Most French-speaking African countries are known to print their money with France’s central bank and with the French printing company Oberthur Fiduciaire. 14 african countries are obliged by France, through a colonial pact, to put 85% of their foreign reserve into France central bank under French minister of Finance control. Until now, 2014, Togo and about 13 other african countries still have to pay colonial debt to France. African leaders who refuse are killed or victim of coup. 

Printing new bank notes is also imposed by the fact that the pictures of Presidents are printed on the bank bills which imposed their destructions, once the President is ousted, exiled or just replaced by a junta and civilian coalition.

In fact, during the last 50 years, a total of 67 coups happened in 26 countries in Africa, 16 of those countries are french ex-colonies, which means 61% of the coups happened in Francophone Africa.

Number of Coups in Africa by country

Ex French colonies Other African countries
Country Number of coupCountrynumber of coup
Togo1Egypte1
Tunisia1Libye1
Cote d’Ivoire1Equatorial Guinea1
Madagascar1Guinea Bissau2
Rwanda1Liberia2
Algeria2Nigeria3
Congo – RDC2Ethiopia3
Mali2Ouganda4
Guinea Conakry2Soudan5
SUB-TOTAL 113
Congo3
Tchad3
Burundi4
Central Africa4
Niger4
Mauritania4
Burkina Faso5
Comores5
SUB-TOTAL 232
TOTAL (1 + 2)45TOTAL22

As these numbers demonstrate, France is quite desperate but active to keep a strong hold on his colonies what ever the cost, no matter what.

In March 2008, former French President Jacques Chirac said:

“Without Africa, France will slide down into the rank of a third [world] power”

Chirac’s predecessor François Mitterand already prophesied in 1957 that:

 ”Without Africa, France will have no history in the 21st century”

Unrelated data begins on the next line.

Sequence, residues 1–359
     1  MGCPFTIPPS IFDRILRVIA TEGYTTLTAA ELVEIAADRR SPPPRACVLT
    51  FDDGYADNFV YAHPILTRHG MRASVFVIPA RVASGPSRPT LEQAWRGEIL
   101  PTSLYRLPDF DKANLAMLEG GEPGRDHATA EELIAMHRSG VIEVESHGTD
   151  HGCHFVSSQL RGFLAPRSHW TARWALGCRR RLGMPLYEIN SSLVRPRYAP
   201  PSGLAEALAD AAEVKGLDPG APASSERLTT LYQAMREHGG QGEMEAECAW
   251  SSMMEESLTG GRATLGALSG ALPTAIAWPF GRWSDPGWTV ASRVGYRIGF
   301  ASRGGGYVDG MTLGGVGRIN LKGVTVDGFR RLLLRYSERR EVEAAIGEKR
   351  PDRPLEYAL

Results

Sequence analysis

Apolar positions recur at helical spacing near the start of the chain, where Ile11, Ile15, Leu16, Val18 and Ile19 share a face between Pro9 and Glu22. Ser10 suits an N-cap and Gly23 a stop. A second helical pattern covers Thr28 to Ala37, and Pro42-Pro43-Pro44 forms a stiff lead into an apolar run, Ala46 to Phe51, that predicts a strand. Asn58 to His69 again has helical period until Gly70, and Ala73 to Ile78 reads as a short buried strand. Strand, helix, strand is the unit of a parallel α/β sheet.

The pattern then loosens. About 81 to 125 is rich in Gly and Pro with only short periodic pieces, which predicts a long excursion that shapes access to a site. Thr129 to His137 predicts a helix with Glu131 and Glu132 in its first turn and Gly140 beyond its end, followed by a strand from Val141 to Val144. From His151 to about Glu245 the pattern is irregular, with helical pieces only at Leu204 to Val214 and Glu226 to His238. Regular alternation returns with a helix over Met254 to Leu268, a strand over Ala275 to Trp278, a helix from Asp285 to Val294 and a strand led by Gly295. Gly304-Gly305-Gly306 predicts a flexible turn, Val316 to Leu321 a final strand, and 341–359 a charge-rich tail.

Printing African Money is a Treasure for European Countries

The African Development Bank Group should find remedies to these abusive inheritance from the past that are still shackling the development of the African Countries

Africa needs to be liberated from such financial vassality to the Western Metropoles and have their own Interafrican Bank to regulate and distribute the value of the African Money among the African Countries based on Special Drawing Rights.

No loan should be contracted from Foreign banks who have banquerobbed the African countries in the past and imposed to them draconian terms just for the payment of the interests.

The Business and the Monetary and the Financial Climate need more consideration than the Climate of the Nature, given that Africa is still paying the former colonisers for using their own money, for processing their own natural resources and their foods.

At least 40 African countries print their money in the UK, France and Germany — decades after independence, raising questions about self-sufficiency. 

African Development Bank Group should print the money for the African countries to help them to get off the hook of the former colonisers that still control the printing and the value of their money and their finance which impacted their monetary policies. Many countries when ordering the printing of their money by European Countries, ended up with shortage of monetary liquidities.

Among the top firms that African central banks partner with are British banknote printing giant De La Rue, Sweden-based Crane, and Germany’s Giesecke+Devrient.

How transparent is the process?

It is perhaps surprising that almost all African countries import their currencies. The practice could even raise questions of national pride and national security.

For richer countries, like Angola and Ghana, there’s also the issue of real autonomy and economic sufficiency.

Most countries are tight-lipped about their currency-printing processes — likely for security reasons. The printing firms are even less transparent.